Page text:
Several items
Results 1 to 6 of 6

Thread: Several items

  1. #1
    Newbie, please be gentle DavBan's Avatar
    Join Date
    Dec 2003
    Location
    Taipei, Taiwan
    Posts
    16
    Rep Power
    0

    Default Several items

    I am lucky to get a new camera!
    (Time for me to say bye to the phone-camera :P )
    Although that I still try to understand how to use it, I re-photographed several items that posted before and posted some new stuffs.
    Most of them are Warmachine/Hordes.

    http://www.coolminiornot.com/374464
    CONSTANCE BLAIZE (Warmachine)

    http://www.coolminiornot.com/374466
    ISSYRIA, SIBYL OF DAWN (Warmachine)

    http://www.coolminiornot.com/374467
    KAELYSSA, NIGHT'S WHISPER (Warmachine)

    http://www.coolminiornot.com/374468
    LORD ARCANIST OSSYAN (Warmachine)

    http://www.coolminiornot.com/374469
    MAGE HUNTER ASSASSIN (Warmachine)

    http://www.coolminiornot.com/374471
    RAVYN, ETERNAL LIGHT (Warmachine)

    http://www.coolminiornot.com/374470
    MORVAHNA THE DAWNSHADOW (Hordes)

    http://www.coolminiornot.com/374473
    JEANNE D'ARC (INFINITY)

    http://www.coolminiornot.com/374472
    TOHAA DIPLOMATIC DELEGATES (INFINITY)

    http://www.coolminiornot.com/374465
    TOHAA GAO-TARSOS (INFINITY)

  2. #2
    I paint my thumb. GreenOne's Avatar
    Join Date
    Feb 2006
    Location
    Laurentians, Quebec, Canada
    Posts
    1,814
    Rep Power
    15

    Default

    It's hard to give good feedback when you have a bunch of them presented at the same time, i'll be general.
    Nice stuff, a solid base, interesting colors, they're all 6.5ish in my books, Jeanne is a clean 7, you spent more effort on her I thinks.
    Next steps would be: use thinner paints to achieve smooth transitions and have no visible grain to your paint that can be seen in pictures.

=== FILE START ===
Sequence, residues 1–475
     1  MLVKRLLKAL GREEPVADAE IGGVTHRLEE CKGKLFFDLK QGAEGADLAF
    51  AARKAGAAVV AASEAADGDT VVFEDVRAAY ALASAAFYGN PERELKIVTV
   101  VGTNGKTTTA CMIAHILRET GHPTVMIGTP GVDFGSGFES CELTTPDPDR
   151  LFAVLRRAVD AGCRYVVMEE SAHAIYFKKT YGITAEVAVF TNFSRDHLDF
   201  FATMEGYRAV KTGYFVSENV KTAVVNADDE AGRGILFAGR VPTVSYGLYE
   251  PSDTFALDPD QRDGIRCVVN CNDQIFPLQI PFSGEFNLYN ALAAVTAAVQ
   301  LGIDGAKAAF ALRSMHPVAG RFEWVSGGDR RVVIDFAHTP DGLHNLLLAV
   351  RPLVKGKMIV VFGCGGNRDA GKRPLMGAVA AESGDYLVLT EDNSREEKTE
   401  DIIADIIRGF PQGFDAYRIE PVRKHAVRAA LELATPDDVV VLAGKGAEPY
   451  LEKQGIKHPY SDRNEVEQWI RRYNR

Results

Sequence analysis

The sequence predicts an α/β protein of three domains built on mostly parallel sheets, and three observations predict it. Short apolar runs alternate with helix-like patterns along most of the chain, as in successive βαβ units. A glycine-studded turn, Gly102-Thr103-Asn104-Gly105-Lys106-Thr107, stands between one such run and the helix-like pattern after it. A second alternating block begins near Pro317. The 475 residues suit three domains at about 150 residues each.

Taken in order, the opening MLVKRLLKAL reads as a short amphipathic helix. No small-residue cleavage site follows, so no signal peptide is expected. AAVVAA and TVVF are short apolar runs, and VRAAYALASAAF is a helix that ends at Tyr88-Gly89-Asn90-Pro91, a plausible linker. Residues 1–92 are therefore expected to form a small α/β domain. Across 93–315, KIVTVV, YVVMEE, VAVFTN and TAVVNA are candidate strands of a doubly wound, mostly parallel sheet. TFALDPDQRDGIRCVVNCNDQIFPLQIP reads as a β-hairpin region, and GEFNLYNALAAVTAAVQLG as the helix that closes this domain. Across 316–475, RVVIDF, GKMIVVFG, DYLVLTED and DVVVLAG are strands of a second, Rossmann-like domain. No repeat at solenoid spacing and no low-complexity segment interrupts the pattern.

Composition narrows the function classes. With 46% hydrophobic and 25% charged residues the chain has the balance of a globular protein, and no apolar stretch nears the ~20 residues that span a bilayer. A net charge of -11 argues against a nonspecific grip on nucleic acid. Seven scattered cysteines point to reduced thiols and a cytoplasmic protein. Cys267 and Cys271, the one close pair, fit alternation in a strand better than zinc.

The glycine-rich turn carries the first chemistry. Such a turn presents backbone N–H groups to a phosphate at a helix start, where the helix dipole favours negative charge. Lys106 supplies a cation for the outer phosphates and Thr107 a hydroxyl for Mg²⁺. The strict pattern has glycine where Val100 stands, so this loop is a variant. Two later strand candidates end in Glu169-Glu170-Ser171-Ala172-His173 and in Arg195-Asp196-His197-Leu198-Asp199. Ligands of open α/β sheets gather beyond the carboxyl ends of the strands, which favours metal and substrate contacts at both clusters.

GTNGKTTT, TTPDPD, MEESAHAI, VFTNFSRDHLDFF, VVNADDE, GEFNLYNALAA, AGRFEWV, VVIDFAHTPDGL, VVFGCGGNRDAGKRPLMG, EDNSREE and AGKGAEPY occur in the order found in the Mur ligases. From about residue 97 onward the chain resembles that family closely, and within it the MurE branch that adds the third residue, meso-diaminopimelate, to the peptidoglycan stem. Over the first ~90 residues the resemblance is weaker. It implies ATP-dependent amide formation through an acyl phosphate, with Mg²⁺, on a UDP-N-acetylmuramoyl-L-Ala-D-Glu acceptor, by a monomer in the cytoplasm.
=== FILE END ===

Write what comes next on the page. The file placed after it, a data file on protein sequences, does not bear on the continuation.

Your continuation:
Amp the contrast a lot for all the NMM and other shiny bits, by that I meant almost black to almost white, all over with starker transitions over strong angles and pure white light spots all over. No way around that if you want a reflective look to them.
    Use colored glazes to make the skintones more alive and less yellow. Good articles are readily available on all those topics.

    Hope this helps, happy painting.
    CMON painter born and raised, soft seven and proud
    Gblaw studio online
    My latest, thanks for watching

  3. #3

    Default

    My first thought (as always) is to address the picture itself first. Let's just use the Constance Blaize model as an example. See how her head, torso, and lower waist/upper thigh areas are in focus,.. and the rest of the shot is all blurry. (ie, her feet, the upper end of the staff, some of the cloth ribbons,.. etc). You are having a "depth of field" problem. In order to help combat this,.. try the following,...

    1) use your macro function

    2) set your ISO as low as possible (usually somewhere around 100 or so)

    3) if your camera has a seperate aperature setting,.. try setting it to somwhere around 16 or so. You may need to go up or down a click or two from there,.. but 16 is a good starting point.

    4) pull your camera back a bit and try to center the figure as best as possible. A good way to think about the picture is to try to realize the the whole "square image" isn't in focus. To help visualize this, get out a piece of standard white paper,.. then go grab a basic cereal bowl out of the cupboard. Turn the bowl upside down on the paper and center it. Now, trace the outside edge of the bowl with a pencil, and then remove the bowl. The circle that's left behind, represents the area of the image that's going to be the most in focus. And once you get outside the circle, the focus gets worse and worse, the further towards the edge of the paper you go. So basically,.. you want to try to get your model "inside the circle" when taking the picture, and then use photoshop or gimp to crop away all the parts of the image that are "outside the circle"